Scammers Are Personalizing Emails

Scammers Emails

Internet scams are on the rise and it will get worse in coming years. I take Internet scams, or any kind of consumer fraud, seriously and always try to update my readers with new findings. Today, I am going to post an email I received in my Gmail inbox. I always get tons of these - but why this particular email is so important? Because the scammer did not send it just bluntly.  He took his time and did his research to find my email from a Press Release which I issued some time ago. Why would he do that? He is trying to sound real by making a personal connection (mentioning he read your press release). He is going that extra mile to intimidate you. The letter you will receive in your inbox may not look like the one I am posting. However, you will have an idea what these scam letters look like. Remember, common sense and vigilance are your best defense. Here is what I have received:

"frank williams" (frank002williams@gmail.com) has contacted you from your profile on biz.PRLog.Org.

frank williams said -
From:frank williams
Rue 2 plateaux les perles Abidjan,
Cote D' Ivoire.

My name is frank williams, 24 years from Sierra Leone. My father and I escaped from our country at the heat of the civil war after loosing my mother and two of my senior brothers in the war.
He was in Buake, a northern city to  negotiate for the purchase of a cocoa plantation when he was shot and killed by the rebel troupes fighting to take over the Government of the country on the 22nd September, 2002.

Before the unfortunate death, my late father had in his personal account with a bank here the sum of $18.4m. As a result of the present insecurity of lives and property in this country,
I need you also to assist me with a letter of invitation as come down and complete my education while you mind the investment.

I will give you 15% while 5% is made for expenses. E-mail: me frank002williams@gmail.comso that we can discuss further.
frank williams
First Published: Sep 12, 2008 ADawnJournal.com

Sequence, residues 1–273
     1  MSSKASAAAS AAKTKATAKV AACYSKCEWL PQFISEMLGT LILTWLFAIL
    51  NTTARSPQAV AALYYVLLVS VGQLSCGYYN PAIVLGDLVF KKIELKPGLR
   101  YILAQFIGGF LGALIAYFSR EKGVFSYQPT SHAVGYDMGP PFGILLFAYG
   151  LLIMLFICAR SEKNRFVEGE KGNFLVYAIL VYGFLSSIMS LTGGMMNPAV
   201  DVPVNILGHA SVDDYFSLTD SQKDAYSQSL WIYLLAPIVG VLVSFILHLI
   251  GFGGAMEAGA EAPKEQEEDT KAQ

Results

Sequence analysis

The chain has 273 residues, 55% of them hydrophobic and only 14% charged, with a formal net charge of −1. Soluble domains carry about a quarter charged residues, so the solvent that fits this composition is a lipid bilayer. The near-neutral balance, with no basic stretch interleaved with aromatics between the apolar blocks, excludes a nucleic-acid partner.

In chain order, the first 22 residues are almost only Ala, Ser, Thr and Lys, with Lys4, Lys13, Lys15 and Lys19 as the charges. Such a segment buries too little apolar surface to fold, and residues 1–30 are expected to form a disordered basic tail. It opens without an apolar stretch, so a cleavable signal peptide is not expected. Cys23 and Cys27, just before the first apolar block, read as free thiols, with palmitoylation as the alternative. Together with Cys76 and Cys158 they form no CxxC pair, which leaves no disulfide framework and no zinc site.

Massive Equifax Data Breach & My 3 Hacked Credit Cards

Equifax Data Breach

In my last post, I talked about my CIBC AC Vonversion Visa Travel credit card that was hacked. Since then, there were 2 other credit cards that were compromised.

One of these two cards had one fraudulent charge and then their fraud detection system shut off the account. The other credit card had about 20 attempted fraudulent charges that were coming from all across the globe, but none of them was successful.

I was puzzled, as there was no connection between these three cards. I never had them together in my wallet or purchased online, one card had only one transaction 4 months ago and the other card had only 2-3 charges at an electronic store and groceries.

The connection became clear to me when Equifax declared that there was a huge data breach that affected 143 million customers. I have plausible reasons to believe that all my affected cards were scammed because of the Equifax breach; the time frame matches and it makes so much sense because that’s the only connection I can see linking these 3 cards together.

Credit card reporting companies like Equifax will never tell you the real story. They won’t tell you up to what level or exactly what sort of information from your files was leaked, or how many credit cards or clients were leaked. They are vague providing any information and I do not trust them with the information they are providing. Also, how can you trust someone who broke your trust in the first place by failing to protect your valuable information?

I have posted a video and in this video, I will discuss all this and will tell you what you should do because of this data breach. The link is here: Massive Equifax Data Breach & What To Do

 

CIBC Air Canada Card Was Compromised

CIBC AC Conversion Visa Prepaid Card

About 2 weeks ago, I found out that my CIBC AC Prepaid Visa card was compromised. However, this card was never stolen or lost.

When trying to load my card online, I noticed scammers made 9 fraudulent transactions. The small transactions were made via PayPal and 2 large transactions were made from Malaysia. One of these was Expedia Malaysia and the other one was an airfare purchase from Malaysia.